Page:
• Zapier – for automating small tasks like emailing invoices to my accountant or slacking me when inventory gets low

What have been the most influential books, podcasts, or other resources?

I try to limit my reading and content consumption these days. I love learning for learning’s sake, which I think has inhibited my success. Most of the time, you know everything you need to know. You’re smart enough. What you need is repeated action in one direction. At least that’s the case for me. So now I try to produce at least as much as I consume.

My top “life-hack”, that I suggest to everybody, is to study copywriting. You spend all day selling and trying to persuade in different forms; emails, customer service, producing content, hiring, pitching, etc. Persuasion is one of the big 2 modern superpowers- the other one is coding. My favorite books on Copywriting and Persuasion are:

For E-commerce founders, watch Davie Fogarty on YouTube. I’ve watched all of his videos at least 3 times each. He’s running almost a dozen successful brands (heard of the Oodie?) that are grown via paid acquisition and he is only 27 years old. For some crazy reason, he shares all his knowledge and tips for free. The scale he’s operating at after such a short period has inspired me to expand my vision.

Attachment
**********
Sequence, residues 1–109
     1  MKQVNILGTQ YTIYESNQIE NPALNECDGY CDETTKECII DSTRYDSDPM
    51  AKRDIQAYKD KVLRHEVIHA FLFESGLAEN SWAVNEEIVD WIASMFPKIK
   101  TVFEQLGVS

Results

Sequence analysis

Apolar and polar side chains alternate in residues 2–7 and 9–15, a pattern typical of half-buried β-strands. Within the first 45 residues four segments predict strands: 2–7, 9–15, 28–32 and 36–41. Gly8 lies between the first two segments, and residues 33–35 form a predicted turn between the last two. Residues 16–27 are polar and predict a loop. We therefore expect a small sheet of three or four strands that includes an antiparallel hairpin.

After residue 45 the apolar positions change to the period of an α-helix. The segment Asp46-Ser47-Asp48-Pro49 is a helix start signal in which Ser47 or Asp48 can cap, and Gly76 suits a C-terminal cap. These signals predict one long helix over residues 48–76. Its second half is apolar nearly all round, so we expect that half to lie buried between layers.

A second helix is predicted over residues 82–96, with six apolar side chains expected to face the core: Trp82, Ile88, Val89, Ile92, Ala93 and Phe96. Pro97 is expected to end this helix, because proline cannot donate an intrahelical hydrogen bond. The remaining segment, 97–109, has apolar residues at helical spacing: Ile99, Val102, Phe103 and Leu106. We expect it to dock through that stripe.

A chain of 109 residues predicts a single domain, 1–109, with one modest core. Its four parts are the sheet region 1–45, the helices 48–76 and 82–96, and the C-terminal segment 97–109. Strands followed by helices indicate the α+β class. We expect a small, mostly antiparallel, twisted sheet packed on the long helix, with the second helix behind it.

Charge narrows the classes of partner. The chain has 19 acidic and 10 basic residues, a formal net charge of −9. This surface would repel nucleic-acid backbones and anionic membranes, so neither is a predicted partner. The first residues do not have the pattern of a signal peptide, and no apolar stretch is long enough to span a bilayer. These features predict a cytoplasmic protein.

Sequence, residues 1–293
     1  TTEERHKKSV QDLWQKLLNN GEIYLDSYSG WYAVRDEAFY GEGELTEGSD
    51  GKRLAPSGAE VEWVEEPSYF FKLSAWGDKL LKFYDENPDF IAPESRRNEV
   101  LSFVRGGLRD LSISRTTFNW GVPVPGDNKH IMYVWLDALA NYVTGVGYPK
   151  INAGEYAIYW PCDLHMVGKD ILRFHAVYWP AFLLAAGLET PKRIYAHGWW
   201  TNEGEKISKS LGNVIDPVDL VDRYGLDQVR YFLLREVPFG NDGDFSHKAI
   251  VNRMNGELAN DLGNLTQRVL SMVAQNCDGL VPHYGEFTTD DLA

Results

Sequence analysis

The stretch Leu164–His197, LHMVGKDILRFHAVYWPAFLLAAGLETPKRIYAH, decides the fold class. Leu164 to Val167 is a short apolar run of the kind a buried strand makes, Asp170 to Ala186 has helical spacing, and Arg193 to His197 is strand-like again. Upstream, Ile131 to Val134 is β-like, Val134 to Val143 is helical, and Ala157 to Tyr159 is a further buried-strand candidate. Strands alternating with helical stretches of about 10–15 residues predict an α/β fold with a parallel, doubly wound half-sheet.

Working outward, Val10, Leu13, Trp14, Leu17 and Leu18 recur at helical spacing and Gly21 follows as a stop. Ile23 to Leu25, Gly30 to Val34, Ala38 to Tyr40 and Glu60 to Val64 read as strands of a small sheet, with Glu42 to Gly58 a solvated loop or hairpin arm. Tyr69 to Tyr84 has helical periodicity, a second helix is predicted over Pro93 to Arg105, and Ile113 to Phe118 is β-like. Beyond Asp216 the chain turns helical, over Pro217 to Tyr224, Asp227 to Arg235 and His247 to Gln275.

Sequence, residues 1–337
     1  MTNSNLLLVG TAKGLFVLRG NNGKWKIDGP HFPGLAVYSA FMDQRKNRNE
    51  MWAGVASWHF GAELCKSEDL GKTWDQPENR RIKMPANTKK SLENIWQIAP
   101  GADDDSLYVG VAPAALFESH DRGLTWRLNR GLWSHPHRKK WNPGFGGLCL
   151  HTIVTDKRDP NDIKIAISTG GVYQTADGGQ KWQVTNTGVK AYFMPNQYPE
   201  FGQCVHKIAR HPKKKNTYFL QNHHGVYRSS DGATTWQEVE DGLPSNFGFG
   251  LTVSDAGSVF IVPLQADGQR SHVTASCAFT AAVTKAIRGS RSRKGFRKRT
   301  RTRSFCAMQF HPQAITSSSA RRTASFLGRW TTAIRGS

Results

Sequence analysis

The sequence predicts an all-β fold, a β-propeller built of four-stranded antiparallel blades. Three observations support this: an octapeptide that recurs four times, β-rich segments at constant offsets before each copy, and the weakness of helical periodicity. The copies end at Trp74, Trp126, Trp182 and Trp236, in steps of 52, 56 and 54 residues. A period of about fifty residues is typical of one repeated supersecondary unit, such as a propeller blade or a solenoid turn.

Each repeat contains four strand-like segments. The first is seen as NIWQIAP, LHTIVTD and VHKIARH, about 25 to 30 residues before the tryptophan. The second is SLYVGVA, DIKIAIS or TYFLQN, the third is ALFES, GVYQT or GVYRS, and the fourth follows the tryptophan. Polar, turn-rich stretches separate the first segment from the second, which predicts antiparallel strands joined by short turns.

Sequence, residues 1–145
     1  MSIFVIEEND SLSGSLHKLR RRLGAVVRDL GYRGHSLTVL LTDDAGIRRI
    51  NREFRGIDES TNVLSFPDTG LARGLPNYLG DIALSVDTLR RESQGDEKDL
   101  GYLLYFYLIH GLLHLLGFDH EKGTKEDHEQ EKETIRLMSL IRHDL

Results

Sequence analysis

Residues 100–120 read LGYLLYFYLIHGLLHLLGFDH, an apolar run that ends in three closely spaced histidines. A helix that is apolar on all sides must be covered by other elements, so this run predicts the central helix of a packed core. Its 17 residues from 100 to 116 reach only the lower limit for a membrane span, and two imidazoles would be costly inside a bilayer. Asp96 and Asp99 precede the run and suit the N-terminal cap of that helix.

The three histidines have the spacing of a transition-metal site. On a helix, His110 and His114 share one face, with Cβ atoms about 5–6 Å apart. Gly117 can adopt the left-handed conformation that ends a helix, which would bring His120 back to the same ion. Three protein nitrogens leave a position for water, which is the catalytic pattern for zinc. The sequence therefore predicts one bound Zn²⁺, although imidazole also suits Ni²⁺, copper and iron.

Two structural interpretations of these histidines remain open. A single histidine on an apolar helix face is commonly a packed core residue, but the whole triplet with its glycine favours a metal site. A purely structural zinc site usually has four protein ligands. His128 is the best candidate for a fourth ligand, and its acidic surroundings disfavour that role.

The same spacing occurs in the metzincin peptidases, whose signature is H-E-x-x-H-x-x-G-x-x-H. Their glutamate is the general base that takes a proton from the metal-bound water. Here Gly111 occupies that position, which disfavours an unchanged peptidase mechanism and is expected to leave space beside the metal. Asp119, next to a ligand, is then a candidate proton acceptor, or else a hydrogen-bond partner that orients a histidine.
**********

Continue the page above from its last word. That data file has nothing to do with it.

Advice for other entrepreneurs who want to get started or are just starting out?

First-time founder? Haven’t created a successful product or service that does decent revenue? Then do something that’s already being done. Likewise, don’t be put off when you find that somebody already built your idea- that’s great news! Somebody already validated your product for you. They’ve taken most of the risk. Now go and do it better. Take a new angle. Slice off a vertical for a specific demographic. Improve the product. Make it simpler. There are thousands of different types and brands of bread. And bread isn’t a winner-takes-all-market, neither is yours.